Failure of the natural process of removing worn out mitochondria in brain cells has a role in Parkinson's and can be reversed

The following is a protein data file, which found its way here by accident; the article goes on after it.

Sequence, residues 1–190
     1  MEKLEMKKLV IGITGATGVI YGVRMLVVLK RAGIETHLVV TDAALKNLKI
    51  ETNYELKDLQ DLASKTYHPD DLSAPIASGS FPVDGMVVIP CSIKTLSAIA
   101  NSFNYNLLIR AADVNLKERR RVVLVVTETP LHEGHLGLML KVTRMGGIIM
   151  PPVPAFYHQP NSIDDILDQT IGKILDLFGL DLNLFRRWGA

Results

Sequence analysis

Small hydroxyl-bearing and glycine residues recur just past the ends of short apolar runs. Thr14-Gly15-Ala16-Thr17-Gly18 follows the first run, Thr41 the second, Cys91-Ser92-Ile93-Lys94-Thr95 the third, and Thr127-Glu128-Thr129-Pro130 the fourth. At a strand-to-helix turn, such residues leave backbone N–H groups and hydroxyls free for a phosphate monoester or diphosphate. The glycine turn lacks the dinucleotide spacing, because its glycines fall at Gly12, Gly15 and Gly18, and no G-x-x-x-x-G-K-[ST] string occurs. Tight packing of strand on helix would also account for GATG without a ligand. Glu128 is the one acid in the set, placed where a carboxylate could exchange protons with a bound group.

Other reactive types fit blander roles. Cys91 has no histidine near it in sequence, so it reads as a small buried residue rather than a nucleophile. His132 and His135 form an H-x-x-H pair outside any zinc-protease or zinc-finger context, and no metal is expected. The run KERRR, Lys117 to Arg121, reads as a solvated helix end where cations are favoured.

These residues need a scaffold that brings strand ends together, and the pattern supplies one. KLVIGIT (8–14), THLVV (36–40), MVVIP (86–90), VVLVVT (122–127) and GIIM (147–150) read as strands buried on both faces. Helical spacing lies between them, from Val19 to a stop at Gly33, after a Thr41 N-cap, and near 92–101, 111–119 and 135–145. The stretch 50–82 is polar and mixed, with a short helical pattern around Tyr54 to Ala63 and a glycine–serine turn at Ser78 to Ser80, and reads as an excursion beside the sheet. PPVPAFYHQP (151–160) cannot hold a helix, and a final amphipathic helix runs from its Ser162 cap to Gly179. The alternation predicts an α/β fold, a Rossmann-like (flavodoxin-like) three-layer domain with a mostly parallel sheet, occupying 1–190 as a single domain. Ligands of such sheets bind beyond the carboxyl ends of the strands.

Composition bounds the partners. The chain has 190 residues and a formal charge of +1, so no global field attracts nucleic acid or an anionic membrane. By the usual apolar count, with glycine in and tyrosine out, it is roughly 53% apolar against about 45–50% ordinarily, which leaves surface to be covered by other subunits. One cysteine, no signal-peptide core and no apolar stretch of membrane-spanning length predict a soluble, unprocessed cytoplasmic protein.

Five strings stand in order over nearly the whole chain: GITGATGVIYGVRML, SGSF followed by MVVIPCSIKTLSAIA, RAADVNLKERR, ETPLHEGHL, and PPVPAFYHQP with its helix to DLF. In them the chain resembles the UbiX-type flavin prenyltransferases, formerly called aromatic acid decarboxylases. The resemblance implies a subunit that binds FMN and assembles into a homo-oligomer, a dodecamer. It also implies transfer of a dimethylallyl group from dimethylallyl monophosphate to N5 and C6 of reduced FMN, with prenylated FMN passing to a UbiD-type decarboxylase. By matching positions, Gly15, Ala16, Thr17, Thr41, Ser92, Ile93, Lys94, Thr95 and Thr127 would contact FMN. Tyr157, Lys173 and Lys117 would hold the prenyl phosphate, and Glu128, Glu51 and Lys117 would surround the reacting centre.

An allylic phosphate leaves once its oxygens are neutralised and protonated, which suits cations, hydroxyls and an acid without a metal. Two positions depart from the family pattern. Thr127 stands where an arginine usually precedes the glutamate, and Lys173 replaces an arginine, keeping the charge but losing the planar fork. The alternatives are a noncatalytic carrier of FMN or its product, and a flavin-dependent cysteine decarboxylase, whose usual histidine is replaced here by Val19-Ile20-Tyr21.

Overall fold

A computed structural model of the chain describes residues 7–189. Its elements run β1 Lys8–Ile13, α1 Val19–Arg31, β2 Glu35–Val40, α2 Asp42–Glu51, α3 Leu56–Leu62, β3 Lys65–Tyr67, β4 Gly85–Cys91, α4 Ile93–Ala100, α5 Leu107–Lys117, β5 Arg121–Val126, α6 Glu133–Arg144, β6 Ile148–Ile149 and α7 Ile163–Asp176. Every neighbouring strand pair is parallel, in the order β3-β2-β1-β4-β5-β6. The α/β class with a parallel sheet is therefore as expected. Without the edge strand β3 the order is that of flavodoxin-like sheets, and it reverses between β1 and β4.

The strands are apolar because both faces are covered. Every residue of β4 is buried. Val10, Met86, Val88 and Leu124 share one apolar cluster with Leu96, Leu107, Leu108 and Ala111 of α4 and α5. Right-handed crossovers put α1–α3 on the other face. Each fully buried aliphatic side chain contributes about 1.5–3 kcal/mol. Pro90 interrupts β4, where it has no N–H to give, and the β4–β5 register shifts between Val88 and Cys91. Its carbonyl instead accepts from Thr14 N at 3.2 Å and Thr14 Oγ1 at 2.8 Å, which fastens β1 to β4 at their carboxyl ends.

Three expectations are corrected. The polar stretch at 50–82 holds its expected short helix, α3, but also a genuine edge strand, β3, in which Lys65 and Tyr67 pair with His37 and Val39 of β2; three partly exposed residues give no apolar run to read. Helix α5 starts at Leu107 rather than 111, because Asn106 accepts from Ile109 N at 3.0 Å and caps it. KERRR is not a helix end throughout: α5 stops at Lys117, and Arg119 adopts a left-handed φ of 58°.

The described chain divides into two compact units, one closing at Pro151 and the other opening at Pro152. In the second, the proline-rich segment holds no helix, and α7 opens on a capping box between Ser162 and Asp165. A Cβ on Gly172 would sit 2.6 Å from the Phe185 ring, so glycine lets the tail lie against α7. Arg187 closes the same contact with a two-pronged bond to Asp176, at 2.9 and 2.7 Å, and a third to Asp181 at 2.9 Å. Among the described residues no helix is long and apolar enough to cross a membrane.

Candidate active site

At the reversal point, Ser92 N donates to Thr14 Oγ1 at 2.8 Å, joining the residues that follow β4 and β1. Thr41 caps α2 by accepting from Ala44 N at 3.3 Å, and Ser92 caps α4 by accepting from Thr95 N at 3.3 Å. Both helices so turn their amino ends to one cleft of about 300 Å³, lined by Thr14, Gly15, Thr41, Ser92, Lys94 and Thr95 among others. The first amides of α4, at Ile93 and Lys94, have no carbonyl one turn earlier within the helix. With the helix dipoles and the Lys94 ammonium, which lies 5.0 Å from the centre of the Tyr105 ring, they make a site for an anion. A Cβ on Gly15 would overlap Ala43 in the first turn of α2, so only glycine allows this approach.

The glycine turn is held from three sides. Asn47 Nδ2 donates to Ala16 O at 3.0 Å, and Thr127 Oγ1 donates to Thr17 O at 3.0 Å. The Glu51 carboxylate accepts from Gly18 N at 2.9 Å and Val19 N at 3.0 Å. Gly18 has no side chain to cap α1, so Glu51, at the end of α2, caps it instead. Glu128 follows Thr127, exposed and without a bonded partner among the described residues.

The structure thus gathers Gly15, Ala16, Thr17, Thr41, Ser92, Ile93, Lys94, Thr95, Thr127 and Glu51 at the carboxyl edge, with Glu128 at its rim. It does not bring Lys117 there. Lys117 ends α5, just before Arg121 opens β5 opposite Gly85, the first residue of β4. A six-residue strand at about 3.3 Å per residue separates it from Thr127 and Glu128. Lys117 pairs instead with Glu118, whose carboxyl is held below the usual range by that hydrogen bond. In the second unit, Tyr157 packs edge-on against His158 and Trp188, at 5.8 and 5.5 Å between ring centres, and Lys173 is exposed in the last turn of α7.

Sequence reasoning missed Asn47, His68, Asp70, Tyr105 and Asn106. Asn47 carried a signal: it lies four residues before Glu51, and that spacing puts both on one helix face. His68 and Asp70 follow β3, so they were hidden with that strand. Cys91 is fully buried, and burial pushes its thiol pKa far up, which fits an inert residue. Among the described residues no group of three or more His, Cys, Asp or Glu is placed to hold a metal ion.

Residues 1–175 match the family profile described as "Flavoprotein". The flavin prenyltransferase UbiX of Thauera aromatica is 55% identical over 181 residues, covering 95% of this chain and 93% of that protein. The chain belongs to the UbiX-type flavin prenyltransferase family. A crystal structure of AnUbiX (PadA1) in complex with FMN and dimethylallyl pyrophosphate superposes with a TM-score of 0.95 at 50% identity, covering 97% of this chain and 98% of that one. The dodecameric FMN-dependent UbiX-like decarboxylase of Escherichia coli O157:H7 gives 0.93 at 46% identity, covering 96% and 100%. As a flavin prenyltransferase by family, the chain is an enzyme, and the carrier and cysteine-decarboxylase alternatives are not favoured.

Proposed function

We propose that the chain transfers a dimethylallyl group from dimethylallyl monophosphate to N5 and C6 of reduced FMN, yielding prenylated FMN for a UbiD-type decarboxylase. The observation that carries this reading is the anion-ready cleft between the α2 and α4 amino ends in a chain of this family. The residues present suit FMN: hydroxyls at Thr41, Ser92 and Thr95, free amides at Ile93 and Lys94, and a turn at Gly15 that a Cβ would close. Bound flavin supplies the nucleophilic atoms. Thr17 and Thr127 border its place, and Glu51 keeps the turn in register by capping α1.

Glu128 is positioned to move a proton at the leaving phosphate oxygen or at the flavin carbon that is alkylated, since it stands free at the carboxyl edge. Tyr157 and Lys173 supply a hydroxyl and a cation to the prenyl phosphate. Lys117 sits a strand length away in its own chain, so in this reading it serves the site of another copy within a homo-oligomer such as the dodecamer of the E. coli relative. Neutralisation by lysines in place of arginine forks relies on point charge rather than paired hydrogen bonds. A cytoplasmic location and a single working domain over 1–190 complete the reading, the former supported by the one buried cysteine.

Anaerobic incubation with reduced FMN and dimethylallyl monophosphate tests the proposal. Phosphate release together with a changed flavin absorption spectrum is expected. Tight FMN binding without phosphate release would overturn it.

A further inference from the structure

Around 145,000 people in the UK are currently living with Parkinson’s disease. It’s a progressive and incurable brain disorder that affects movement and causes other issues such as insomnia, dementia and mental health problems. Yet despite years of research, we still understand little about what causes it. One possible culprit could be mitochondria – the small structures inside cells that produce energy. During the normal course of life, worn out mitochondria are ‘eaten up’ through a process called mitophagy (highlighted in orange in this image of mouse kidney tissue) and replaced with healthy new ones. Researchers have discovered that mitophagy doesn’t work properly in brain cells from genetically engineered mice with a version of Parkinson’s and might be causing some of the problems seen in the disease. Excitingly, they have also shown that mitophagy can be restarted using certain chemicals, which could one day be developed into much-needed treatments for patients.
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